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Originally Posted by mdawson
Well, you have kind of answered your own question here. Yes, most CAD programs do offer the ability to work with an inverted canvas because most CAD programs worth considering that were developed primarily for the desktop market typically have some degree of AutoCAD compatibility, albeit with, more often than not, a substantially better user interface. Older CAD packages , such as MicroStation, also have this functionality because they have the same dedicated workstation roots as AutoCAD.

As I stated earlier, CAD work is not typically color-critical and WYSIWYG is important only in that what you draw is what should print, color notwithstanding. For other types of graphic design, color ranges from important to critical and the color of the canvas does affect the appearance of the content. A colorful diagram does not have the same aesthetic on a black background as it does on a white background. So unless the final design is intended to be displayed on a dark background, designing it on a black canvas would be a poor design practice.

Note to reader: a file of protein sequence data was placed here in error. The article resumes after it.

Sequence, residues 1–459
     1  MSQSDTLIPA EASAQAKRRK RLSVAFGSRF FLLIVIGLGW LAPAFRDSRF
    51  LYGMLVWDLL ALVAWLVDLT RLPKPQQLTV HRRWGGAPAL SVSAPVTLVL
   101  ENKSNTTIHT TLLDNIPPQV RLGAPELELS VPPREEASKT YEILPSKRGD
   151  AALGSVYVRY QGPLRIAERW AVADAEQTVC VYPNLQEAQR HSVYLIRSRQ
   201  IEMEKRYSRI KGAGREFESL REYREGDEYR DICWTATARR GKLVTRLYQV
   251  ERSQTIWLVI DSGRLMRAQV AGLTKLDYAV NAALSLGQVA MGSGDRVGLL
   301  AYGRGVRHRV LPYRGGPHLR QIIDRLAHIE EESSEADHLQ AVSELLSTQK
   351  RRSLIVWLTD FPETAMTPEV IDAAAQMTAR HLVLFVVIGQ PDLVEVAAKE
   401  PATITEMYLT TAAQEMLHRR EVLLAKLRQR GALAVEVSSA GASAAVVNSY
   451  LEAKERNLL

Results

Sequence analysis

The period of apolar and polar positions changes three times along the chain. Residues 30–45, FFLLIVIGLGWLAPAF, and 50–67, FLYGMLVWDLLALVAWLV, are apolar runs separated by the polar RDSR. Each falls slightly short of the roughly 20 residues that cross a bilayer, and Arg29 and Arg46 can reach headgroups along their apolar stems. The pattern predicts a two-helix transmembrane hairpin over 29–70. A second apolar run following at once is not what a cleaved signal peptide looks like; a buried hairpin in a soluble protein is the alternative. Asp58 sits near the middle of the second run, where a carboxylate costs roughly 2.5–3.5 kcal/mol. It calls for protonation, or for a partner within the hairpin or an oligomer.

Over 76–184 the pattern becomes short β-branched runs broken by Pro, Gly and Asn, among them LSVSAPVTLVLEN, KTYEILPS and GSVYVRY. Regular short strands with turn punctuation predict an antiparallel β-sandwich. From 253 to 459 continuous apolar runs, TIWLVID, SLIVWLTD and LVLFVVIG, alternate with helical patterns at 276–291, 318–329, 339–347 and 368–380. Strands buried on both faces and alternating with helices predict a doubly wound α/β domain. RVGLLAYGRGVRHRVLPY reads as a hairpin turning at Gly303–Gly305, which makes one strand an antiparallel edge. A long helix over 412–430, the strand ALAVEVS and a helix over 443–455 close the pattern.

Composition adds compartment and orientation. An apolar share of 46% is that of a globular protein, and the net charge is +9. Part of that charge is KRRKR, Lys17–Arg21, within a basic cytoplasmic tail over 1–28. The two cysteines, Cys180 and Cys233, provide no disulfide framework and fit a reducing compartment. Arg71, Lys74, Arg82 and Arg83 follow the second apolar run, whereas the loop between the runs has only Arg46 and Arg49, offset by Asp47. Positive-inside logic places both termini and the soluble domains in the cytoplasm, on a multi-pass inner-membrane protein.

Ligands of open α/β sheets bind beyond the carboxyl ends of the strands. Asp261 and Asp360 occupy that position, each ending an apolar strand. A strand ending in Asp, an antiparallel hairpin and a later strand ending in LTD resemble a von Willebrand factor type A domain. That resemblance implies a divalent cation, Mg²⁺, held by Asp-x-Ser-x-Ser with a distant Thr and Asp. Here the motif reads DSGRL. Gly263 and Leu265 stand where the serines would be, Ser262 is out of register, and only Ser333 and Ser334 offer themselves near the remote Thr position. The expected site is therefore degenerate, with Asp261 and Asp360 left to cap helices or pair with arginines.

The GUI protocol uses a white background because it represents the medium upon which most illustration and imaging is created: plain white paper. The same goes for other software that generally represents a real-world activity—e.g. word processing, spreadsheets, etc. The whole point of a graphical user interface is to be a virtual representation of a real-world workspace and people do not commonly work with black paper.

If your display is hurting your eyes, then it seems that the real problem may be that you need to calibrate your display or dump the Dell UltraSharp ;). (Dell’s displays are notorious for being too bright for serious design work even after being calibrated.) A properly calibrated display should cause no more eye strain than looking at real paper all day. I have a 30-inch Cinema Display that lights up my room if I were to turn off all ambient lighting after sunset, the 22-inch Cinema Display did much the same, and it does not hurt my eyes even after working for upwards of 10 to 12 hours on various projects. And trust me, my current beast is substantially brighter than what it replaced which was pretty bright itself.
I have a 24" iMac at home with 20" Cinema Display tied in and at work just have a 20" Cinema Display.

The 24" of iMac is the Killer...